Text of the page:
Vans has partnered with artist Jason Woodside, who has created a custom art piece for the concept store. Woodside will also be in store from noon to 2 p.m., hand-delivering three customized skateboard decks.
   There is also an in-store competition where the decks will be given away. Visitors to the store need to find the Jason Woodside QR code and sign up to enter.

 


Karnit Aharoni shows off latest designs for spring–summer 2021

Filed by Lucire staff/May 28, 2021/3.15





Greg Alexander/Méphistopheles

New Zealand- and UK-educated, France-based Karnit Aharoni, profiled earlier in Lucire, has shown new entries for spring–summer 2021, inspired by her grandmother and the photographs of her from the 1930s. Aharoni has chosen to combine the 1930s inspiration with the wild west, on the basis that we currently live in times of change and chaos, and there’s anticipation about what’s to come.
   The fabrics are 100 per cent natural and environmentally responsible, sourced from Italy and France, and the clothes are produced in France and Portugal. The shoot was helmed by photographer Greg Alexander in Paris, with Sebastien Vienne art-directing. Hair and make-up were by Carine Larchet (for La Roche–Posay) and Eugène Perma, with Angline of Élite Milano modelling.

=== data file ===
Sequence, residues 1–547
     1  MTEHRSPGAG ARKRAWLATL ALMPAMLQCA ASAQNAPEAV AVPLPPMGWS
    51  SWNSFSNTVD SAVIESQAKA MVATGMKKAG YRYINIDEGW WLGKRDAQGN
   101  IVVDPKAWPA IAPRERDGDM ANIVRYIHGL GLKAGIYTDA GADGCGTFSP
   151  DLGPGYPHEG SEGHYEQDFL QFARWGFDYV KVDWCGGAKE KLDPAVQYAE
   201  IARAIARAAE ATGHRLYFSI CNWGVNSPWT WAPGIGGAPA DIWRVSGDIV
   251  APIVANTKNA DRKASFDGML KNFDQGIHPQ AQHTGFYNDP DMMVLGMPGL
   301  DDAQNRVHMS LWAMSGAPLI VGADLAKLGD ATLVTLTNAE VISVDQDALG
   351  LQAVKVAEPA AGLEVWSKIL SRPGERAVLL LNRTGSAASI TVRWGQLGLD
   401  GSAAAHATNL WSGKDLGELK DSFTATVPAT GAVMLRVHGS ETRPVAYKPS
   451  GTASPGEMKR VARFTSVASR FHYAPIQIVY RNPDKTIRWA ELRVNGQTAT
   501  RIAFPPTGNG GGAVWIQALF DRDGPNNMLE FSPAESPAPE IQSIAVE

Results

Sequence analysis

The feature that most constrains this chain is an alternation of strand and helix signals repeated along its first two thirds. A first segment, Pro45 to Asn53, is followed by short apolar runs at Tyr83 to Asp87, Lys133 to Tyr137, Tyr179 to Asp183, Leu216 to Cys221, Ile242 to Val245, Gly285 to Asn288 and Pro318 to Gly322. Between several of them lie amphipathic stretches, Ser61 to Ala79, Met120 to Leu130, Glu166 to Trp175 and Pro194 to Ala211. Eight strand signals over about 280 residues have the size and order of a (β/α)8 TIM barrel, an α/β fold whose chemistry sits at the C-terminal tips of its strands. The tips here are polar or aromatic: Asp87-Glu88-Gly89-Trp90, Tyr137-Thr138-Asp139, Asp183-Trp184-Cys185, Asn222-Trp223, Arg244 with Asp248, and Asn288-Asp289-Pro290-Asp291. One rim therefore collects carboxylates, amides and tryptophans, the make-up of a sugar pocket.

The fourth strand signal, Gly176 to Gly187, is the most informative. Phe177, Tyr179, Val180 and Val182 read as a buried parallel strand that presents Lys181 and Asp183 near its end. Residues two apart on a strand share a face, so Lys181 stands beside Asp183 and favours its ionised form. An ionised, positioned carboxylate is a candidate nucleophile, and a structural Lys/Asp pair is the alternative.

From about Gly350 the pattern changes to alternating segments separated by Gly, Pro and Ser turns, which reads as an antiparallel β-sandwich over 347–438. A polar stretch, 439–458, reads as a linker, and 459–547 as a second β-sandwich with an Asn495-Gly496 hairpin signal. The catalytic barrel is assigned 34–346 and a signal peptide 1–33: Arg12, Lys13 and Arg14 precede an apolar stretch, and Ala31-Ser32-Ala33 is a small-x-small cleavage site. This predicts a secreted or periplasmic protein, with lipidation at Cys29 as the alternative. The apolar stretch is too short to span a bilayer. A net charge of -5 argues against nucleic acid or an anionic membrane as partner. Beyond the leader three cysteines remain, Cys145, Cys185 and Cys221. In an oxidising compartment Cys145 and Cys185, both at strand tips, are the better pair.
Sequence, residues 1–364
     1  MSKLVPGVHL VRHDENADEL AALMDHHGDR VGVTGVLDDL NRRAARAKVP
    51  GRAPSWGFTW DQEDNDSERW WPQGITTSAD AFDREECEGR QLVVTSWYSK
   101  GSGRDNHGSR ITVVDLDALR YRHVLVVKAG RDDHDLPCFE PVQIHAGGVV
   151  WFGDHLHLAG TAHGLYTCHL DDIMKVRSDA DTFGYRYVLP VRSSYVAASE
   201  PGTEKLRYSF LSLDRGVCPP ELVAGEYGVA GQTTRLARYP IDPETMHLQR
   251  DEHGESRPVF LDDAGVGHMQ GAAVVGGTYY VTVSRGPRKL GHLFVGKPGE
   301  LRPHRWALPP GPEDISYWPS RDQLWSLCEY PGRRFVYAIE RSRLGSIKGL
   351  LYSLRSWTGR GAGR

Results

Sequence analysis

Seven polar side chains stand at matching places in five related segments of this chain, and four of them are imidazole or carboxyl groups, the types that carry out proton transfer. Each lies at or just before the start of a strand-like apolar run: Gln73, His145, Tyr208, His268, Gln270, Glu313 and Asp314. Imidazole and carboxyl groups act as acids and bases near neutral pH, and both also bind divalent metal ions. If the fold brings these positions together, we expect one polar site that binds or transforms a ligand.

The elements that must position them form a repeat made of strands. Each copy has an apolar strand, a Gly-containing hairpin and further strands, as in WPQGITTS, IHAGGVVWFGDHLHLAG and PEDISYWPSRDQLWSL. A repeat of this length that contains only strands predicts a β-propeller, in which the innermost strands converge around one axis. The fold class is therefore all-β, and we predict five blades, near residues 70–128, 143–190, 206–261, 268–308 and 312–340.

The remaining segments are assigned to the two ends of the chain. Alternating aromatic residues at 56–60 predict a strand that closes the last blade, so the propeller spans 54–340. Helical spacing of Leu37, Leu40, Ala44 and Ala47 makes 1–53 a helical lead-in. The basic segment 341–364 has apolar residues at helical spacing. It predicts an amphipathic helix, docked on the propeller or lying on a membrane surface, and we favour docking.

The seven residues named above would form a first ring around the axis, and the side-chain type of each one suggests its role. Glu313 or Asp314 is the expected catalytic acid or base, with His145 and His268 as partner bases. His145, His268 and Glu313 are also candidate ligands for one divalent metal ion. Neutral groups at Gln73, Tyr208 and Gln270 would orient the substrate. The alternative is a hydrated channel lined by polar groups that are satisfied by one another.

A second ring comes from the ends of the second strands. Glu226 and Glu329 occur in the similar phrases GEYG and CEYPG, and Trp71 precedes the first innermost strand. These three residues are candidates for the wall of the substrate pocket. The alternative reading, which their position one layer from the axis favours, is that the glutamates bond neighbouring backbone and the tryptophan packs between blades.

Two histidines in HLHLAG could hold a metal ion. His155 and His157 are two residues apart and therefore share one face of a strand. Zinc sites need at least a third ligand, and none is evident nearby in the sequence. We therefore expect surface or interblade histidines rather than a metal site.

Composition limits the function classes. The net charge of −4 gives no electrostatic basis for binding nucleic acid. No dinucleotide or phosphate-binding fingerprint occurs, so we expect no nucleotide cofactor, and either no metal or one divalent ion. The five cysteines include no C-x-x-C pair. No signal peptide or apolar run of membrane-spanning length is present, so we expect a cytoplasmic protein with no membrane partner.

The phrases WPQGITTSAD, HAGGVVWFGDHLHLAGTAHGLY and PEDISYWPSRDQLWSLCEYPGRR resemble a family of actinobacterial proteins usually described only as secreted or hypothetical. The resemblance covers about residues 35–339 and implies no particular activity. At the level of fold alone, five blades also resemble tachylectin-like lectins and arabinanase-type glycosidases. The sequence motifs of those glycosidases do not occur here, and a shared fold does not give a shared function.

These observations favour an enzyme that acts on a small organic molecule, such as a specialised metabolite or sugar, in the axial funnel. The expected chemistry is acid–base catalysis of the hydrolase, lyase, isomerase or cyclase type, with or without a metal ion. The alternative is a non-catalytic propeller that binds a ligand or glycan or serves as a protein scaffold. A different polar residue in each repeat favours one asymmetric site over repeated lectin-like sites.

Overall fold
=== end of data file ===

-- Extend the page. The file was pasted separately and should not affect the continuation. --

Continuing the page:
‘I believe what we are going through at the moment are changes which would have happened anyway, even without COVID,’ said Aharoni. ‘I keep walking the path I’ve started with … small quantities, responsible production and partners, season-less pieces.
   ‘I am a woman and I come from a line of very strong women. My grandmother was an incredible person as well as my mother, both very strong and creative. I also have two sisters, two daughters, and friends. I’m always sensitive to their feedback, comments and needs. It’s the contemporary femininity.’